5 Tips To Successful Discounting In Sales
Everyone likes a deal. When I buy something I always ask for a better price than the list price. Well, okay, not everything – I don’t ask the grocery store checkout person for a better price.
But, grocery stores still do understand that people love discounts, it’s clear by the massive amount of coupon campaigns going on. There are television shows on discounting, and haggling for better prices is an expected part of the shopping process in some cultures.
As a sales rep or sales manager, should you negotiate or discount to win business? In most industries the answer is yes. There are exceptions to every rule but here are 5 tips for a successful discounting strategy.
Only apply a discount if you feel a customer is going to buy something
Or a customer who has shown strong intent to buy. A discount can help push your customer over the edge. There is a lot of psychology and emotion involved in making a purchase. People like to think they got “a deal” even if that deal is given to everyone else. People like to tell their bosses they got a great price, husbands like to tell their wives they didn’t pay full price.
Try to standardize as much as you can
There needs to be some consistency with how much you will negotiate. This is especially true with large sales teams. You don’t want Sales Rep A giving out better prices than Sales Rep B. This will create arguments amongst your sales team and can create a poor customer experience.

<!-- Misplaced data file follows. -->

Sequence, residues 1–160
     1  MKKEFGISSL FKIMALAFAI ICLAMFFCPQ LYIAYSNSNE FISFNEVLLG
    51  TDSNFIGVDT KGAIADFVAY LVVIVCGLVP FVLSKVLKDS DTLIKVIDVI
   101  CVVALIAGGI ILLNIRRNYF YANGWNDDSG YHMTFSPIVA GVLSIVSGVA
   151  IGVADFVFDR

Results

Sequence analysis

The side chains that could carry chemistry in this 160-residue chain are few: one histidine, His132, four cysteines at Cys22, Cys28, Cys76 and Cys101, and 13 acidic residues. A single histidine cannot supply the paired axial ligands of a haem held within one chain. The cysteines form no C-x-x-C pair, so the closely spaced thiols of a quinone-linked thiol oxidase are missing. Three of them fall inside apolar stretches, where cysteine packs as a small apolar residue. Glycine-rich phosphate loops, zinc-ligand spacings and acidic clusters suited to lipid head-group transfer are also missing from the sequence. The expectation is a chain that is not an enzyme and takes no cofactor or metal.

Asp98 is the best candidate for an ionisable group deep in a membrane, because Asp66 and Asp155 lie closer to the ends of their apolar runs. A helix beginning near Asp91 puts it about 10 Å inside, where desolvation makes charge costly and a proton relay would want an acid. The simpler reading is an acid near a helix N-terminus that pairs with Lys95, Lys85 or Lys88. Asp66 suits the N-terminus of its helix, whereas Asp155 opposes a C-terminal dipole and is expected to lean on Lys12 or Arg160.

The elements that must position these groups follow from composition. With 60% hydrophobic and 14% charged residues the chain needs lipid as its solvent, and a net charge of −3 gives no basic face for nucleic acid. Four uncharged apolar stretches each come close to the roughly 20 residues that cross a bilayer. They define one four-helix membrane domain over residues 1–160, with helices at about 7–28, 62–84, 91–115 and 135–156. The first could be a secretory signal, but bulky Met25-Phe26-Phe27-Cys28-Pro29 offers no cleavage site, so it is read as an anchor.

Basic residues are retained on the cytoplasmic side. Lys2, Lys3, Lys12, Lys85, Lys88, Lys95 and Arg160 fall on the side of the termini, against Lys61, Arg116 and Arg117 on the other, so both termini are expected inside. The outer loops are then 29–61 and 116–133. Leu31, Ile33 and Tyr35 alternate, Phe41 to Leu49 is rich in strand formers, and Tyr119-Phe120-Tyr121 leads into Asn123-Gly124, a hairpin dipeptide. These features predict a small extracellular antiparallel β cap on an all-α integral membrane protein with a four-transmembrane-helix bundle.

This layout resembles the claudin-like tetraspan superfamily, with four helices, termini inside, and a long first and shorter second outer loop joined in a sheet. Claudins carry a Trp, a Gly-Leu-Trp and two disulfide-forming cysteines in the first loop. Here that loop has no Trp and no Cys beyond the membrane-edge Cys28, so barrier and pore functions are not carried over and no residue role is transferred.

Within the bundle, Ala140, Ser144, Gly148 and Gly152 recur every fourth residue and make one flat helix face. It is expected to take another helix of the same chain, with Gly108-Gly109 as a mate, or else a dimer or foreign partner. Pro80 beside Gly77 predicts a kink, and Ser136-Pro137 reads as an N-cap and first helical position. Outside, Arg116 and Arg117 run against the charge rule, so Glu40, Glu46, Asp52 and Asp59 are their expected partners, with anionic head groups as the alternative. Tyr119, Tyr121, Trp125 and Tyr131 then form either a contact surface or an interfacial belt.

You don’t necessarily have to hand out large discounts
Sales reps have a habit of jumping to 15% off when a customer asks for a better price. Going back to the point above, people just want some sort of a deal. Often 5% off will be enough to close the deal.
As a sales manager try and give something that doesn’t impact revenue
If your software application provides 1 hour of free training to every new customer, offer up 2 hours at no extra cost. You can gauge if it was likely that they would have purchased extra training anyway, and if there was no chance this is a better option than losing revenue.
Build discounting into your projections
Don’t be naive and think that you discount less than you do. Whether you are a sales rep or manager, if you have a pattern of discounting then build it into your sales projections.
There are many sales leaders that don’t approve of discounting. In a perfect world I would also not want to discount, but unless you’re the clear market leader you end up fighting for every deal. Even market leaders often will discount and negotiate with customers.
Discounting, if managed correctly, can be a great tool in your war chest. Approach discounting strategically and you’ll win more deals.
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